What does the repeal of the DACA law mean for the Dreamers?
As many have heard, the rescinding of DACA was formally announced yesterday, September 4, 2017, by President Donald J. Trump. DACA, an acronym for the Deferred Action of Childhood Arrivals Act, was passed and implemented by the Obama Administration 5 years ago in June of 2012.
A 'childhood arrival' constitutes as someone who arrived to the United States with their parents at a young age and have lived the majority of their life out here in America. For instance, a child who arrived in the United States at the age of 4 and is now 20 years old and still living in the United States would be considered a childhood arrival.
These are children who go to schools in The United States of America, where they pledge allegiance to the flag and live their entire lives adapted to American society and American peers, neighbors, friends.
Since the program was implemented by Obama in 2012, America has given a dream to more than 800,000 undocumented immigrant students. They could now pursue higher education at colleges and universities, start careers, join military services, and enjoy so many other freedoms. The immigrants who qualify have been given the opportunity to join society while also paying taxes -- as they are given a social security card, the ability to get a license at the DMV, the ability to work, and the opportunity to study at public universities and institutions in America.
However, the act doesn't allow undocumented immigrants to get financial aid from the government. Meaning that most immigrants are spending a majority of their own money to pay their tuition and book costs, while also paying their bills and living costs.
With the rescinding of DACA by the Trump Administration, the lives of an upmost 800,000 students will drastically change. Thousands of undocumented immigrants will lose their deferred rights to work, obtain identity to pursue higher education and study at public universities.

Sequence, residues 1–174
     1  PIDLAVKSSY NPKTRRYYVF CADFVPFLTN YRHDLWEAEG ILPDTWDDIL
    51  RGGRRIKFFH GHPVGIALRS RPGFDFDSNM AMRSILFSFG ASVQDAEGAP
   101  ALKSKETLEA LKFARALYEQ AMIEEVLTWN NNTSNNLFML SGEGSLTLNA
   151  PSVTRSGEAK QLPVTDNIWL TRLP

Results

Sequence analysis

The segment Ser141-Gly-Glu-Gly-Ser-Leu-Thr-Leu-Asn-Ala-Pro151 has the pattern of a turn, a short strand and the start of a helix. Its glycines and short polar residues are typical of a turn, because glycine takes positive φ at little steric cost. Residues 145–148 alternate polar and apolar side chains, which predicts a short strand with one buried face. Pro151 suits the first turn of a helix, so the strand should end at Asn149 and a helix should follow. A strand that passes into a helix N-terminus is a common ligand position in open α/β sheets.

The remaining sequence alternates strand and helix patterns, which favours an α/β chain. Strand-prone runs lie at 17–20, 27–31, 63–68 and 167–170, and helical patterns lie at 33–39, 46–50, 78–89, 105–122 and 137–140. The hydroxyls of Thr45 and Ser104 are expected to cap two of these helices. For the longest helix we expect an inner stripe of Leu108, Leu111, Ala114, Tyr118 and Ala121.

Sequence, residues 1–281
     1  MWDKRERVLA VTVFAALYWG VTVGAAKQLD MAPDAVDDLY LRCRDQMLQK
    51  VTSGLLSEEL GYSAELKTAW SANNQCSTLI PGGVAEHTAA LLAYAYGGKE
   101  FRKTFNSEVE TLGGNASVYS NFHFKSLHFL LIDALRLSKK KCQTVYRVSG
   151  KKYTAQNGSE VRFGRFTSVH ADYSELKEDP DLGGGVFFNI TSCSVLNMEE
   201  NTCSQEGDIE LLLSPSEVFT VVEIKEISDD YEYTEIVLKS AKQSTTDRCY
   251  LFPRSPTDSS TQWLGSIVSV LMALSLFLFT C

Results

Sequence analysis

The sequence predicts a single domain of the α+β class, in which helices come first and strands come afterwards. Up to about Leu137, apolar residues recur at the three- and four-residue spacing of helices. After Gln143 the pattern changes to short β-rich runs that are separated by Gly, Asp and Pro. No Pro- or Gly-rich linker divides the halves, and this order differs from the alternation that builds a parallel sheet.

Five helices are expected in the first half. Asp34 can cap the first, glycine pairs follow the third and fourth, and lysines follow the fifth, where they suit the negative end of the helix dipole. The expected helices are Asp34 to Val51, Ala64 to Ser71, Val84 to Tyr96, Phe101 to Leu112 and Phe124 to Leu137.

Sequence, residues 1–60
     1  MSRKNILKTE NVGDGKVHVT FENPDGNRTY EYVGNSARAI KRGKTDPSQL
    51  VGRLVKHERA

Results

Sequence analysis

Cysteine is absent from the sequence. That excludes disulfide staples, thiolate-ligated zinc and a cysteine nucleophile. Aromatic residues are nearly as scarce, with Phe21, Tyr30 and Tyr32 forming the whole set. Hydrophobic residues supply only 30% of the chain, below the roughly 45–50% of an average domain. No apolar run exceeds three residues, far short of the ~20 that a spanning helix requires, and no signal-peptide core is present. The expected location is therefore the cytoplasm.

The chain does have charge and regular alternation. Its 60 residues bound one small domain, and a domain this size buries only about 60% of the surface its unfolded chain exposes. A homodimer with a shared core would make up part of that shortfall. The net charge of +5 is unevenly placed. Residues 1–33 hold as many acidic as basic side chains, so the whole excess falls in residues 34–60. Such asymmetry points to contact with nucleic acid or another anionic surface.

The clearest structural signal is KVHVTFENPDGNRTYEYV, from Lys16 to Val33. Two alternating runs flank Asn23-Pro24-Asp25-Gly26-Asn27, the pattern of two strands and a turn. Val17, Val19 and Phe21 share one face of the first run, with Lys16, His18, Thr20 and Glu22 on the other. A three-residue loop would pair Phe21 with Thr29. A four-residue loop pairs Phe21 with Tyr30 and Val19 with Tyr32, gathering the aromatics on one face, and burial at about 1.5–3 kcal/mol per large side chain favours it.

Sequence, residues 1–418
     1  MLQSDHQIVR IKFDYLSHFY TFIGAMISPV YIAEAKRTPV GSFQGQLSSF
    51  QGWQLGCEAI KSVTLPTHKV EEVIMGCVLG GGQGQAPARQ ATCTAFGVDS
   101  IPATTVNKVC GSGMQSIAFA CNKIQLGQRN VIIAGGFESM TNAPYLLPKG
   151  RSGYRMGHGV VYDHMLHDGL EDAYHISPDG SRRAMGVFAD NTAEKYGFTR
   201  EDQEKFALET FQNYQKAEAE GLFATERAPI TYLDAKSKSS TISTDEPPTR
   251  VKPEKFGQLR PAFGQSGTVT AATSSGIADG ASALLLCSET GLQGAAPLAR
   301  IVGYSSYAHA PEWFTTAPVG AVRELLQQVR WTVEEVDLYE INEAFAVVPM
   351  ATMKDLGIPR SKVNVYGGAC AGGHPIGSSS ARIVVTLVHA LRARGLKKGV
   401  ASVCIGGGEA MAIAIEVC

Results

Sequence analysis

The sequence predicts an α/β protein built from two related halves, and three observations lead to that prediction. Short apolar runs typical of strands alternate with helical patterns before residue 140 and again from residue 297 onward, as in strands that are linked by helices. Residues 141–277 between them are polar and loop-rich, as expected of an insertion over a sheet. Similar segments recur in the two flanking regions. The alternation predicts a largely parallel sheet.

Thousands of America's pupils will be thrown out of their institutions and left with the uncertainty of deportation and the possibility of discrimination. Congress now has 6 months to decide whether President Donald Trump's revoke of the Dreamer's Act will be implemented as federal law.
Scrapping all political sides and angles, DACA's repeal will certainly affect the social fabric of America, whether the Trump Administration has intended to or not.
With this all being said, no one truly knows what a DACA student feels about The Administration's repeal of this act, aside from the actual "Dreamer's" of DACA, coined to describe recipients of DACA by the Obama Administration.
Who are America's Dreamers? How are they really affected by this change?
Do these undocumented students really pose a substantial threat to America? In this article, DACA recipients at Clemson University delve into the details of being DACA Dreamer's as well as answer questions pertaining to the basic fundamentals of the Dreamer's Act, and the public's opposition to it.
I asked 3 of Clemson's DACA Recipients how old they were when they arrived to the U.S. Two of these recipients would like to remain anonymous for personal reasons and one is okay with her name being used for the purpose of this piece. Their arrival ages ranged from 2 to 7 years old. Everyone agreed that their families decided to come to the U.S. for economic reasons and better opportunities, Amairani Correa put it simply by saying "it was to have a better future.
The economics in Mexico weren't the best for us and we knew where we could find better opportunities." Correa is a 21-year-old Senior at Clemson University studying Administrative Office Technology. Her dream was to become a teacher, but because of her status, she was denied any major that requires a licensing.